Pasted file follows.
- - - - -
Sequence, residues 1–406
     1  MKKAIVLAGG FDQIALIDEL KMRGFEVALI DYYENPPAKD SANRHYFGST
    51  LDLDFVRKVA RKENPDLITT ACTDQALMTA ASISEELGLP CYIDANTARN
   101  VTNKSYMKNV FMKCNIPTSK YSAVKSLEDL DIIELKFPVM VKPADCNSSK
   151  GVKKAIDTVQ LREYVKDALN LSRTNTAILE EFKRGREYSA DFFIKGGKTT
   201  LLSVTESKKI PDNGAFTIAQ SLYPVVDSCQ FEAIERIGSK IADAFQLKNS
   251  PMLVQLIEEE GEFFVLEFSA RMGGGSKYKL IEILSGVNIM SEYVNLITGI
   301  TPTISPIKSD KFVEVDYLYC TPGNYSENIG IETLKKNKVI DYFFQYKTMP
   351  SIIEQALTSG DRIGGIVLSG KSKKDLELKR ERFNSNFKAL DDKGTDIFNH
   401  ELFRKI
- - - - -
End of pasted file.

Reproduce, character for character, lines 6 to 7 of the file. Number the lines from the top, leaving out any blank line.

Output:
   201  LLSVTESKKI PDNGAFTIAQ SLYPVVDSCQ FEAIERIGSK IADAFQLKNS
   251  PMLVQLIEEE GEFFVLEFSA RMGGGSKYKL IEILSGVNIM SEYVNLITGI